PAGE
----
Older adults conception of a ‘good death’

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dc.contributor Nelson-Gardell, Debra
dc.contributor Parker, Michael W.
dc.contributor Parmelee, Patricia A.
dc.contributor Shah, Avani
dc.contributor.advisor Csikai, Ellen L.
dc.contributor.author Maynard, Quentin Robert
dc.date.accessioned 2020-01-16T15:03:49Z
dc.date.available 2020-01-16T15:03:49Z
dc.date.issued 2019
dc.identifier.other u0015_0000001_0003430
dc.identifier.other Maynard_alatus_0004D_13946
dc.identifier.uri http://ir.ua.edu/handle/123456789/6487
dc.description Electronic Thesis or Dissertation
dc.description.abstract Advances in medical care have led to an increasing number of older adults living with at least one chronic illness over a longer period of time. Correspondingly the disease trajectory and dying process may be prolonged, providing individuals with more time to plan for what they consider a ‘good death.’ A ‘good death’ is described through research primarily according to medical and biological aspects. While the psychosocial and spiritual elements are also part of a ‘good death,’ it is difficult to delineate the individual aspects important to individuals near the end of life. This study used descriptive qualitative research methods to describe older adults’ conceptions of a ‘good death,’ specifically the psychosocial and spiritual factors. Data were collected from 12 community-dwelling older adults in central Alabama, utilizing a semi-structured interview guide. Qualitative content analysis guided the data analysis procedures. Corr’s (1992) task-based approach to coping with dying framed the study and served to categorize participant statements. The findings suggested that a number of physical, psychological, social, and spiritual components contributed to the conception of a ‘good death,’ and that these were often interrelated. For example, the type of medical treatment desired at the end of life was influenced by the potential effect on members of the participants’ social network, such as necessity for the participants’ family members to care for them when they were no longer independent and had a poor quality of life. Participants’ motivations and values guided what these individuals believed could help them achieve a ‘good death.’ Conceptions were highly personal with the realization that preparation would allow them to control their situation, although unpredictable, near the end of life. Health social work practice may be strengthened by these findings as it confirms the holistic nature of helping older adults prepare in advance for the end of life. Efforts to maximize quality of life throughout serious illness and near the end of life are essential so that older adults may die a ‘good death.’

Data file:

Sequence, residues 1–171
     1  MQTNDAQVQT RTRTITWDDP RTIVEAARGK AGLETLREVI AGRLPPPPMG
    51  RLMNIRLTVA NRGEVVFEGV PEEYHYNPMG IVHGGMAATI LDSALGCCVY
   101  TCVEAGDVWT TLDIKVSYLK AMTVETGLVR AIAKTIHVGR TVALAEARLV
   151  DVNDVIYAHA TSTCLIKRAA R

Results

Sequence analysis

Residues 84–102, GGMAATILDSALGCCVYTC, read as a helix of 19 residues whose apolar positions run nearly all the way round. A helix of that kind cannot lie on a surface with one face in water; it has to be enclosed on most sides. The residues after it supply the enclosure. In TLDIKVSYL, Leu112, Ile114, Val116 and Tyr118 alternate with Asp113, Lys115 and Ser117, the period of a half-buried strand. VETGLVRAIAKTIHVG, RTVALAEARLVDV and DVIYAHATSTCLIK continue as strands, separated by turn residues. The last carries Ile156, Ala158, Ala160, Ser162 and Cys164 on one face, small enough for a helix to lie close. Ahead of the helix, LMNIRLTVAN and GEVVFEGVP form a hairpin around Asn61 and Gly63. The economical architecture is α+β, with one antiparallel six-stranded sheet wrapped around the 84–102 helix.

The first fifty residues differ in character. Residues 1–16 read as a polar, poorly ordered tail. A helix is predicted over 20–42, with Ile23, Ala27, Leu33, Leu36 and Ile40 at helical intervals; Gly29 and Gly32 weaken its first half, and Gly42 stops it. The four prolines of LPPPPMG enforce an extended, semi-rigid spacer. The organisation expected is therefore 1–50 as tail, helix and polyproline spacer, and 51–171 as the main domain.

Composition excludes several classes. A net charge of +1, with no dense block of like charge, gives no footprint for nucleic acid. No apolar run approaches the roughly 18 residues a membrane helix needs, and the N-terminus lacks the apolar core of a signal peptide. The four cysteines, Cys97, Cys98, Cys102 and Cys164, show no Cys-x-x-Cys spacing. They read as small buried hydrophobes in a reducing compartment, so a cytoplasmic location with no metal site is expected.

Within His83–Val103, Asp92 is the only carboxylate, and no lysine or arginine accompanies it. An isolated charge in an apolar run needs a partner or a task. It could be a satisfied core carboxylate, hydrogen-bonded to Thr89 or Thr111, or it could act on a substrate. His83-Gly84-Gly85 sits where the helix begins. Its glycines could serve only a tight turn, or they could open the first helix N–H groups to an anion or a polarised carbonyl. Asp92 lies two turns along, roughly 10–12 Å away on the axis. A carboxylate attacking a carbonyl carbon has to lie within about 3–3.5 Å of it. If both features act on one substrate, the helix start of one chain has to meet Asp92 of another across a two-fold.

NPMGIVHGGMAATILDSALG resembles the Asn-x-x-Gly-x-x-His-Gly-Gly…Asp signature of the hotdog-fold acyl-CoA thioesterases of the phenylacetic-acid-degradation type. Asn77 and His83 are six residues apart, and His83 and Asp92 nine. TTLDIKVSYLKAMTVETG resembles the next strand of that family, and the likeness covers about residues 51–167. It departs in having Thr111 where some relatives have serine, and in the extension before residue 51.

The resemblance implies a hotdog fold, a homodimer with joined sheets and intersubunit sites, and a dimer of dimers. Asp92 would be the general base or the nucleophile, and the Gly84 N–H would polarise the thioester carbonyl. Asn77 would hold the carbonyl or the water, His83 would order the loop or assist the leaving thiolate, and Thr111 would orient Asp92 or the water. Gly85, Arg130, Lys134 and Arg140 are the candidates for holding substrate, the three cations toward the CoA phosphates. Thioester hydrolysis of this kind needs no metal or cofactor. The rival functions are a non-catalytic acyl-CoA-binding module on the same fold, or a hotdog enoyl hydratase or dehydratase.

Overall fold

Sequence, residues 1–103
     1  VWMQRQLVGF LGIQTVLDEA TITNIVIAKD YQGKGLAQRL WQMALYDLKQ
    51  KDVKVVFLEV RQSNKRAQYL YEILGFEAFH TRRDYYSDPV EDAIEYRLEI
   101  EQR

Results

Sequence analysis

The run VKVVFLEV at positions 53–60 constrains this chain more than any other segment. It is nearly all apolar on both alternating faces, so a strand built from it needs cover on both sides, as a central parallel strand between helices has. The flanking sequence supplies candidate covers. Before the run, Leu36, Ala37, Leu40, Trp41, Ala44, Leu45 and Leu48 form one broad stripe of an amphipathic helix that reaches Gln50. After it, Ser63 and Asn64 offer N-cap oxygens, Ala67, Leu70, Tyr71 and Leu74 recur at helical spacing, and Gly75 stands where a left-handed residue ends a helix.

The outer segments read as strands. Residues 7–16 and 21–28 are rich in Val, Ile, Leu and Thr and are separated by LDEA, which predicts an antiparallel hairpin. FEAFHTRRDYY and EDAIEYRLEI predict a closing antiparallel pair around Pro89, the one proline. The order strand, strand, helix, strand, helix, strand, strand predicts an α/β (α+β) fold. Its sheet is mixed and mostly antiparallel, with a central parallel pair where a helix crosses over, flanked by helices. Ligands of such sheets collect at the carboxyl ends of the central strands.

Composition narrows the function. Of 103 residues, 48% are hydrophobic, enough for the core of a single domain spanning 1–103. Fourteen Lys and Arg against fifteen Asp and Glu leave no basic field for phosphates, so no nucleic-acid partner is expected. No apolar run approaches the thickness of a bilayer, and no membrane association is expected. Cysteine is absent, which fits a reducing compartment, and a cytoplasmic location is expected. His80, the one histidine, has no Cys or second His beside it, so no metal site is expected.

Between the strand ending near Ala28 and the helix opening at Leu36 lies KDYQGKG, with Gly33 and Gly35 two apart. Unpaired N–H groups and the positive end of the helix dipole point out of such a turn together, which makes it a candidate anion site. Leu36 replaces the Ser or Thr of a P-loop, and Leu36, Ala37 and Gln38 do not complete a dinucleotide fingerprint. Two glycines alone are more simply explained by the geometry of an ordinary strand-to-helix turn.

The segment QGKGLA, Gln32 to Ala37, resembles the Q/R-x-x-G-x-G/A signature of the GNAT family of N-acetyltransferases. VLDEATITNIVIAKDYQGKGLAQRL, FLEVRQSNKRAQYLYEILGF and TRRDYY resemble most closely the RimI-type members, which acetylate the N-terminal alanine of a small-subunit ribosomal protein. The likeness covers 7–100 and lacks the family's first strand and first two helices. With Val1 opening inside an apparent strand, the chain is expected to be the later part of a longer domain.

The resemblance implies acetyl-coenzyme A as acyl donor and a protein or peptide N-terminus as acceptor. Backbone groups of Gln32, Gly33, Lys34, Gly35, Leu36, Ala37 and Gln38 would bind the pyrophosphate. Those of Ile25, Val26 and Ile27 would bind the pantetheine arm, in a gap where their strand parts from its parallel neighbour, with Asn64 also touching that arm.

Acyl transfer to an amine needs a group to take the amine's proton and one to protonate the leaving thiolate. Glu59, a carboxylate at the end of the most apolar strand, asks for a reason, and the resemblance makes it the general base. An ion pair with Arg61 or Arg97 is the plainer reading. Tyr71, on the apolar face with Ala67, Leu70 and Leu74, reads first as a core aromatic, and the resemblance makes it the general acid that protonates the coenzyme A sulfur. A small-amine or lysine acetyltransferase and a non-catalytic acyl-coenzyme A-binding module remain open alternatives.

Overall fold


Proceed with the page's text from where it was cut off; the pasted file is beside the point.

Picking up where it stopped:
dc.format.extent 133 p.
dc.format.medium electronic
dc.format.mimetype application/pdf
dc.language English
dc.language.iso en_US
dc.publisher University of Alabama Libraries
dc.relation.ispartof The University of Alabama Electronic Theses and Dissertations
dc.relation.ispartof The University of Alabama Libraries Digital Collections
dc.relation.hasversion born digital
dc.rights All rights reserved by the author unless otherwise indicated.
dc.subject.other Social work
dc.subject.other Gerontology
dc.subject.other Aging
dc.title Older adults conception of a ‘good death’
dc.type thesis
dc.type text
etdms.degree.department University of Alabama. School of Social Work
etdms.degree.discipline Social Work
etdms.degree.grantor The University of Alabama
etdms.degree.level doctoral
etdms.degree.name Ph.D.

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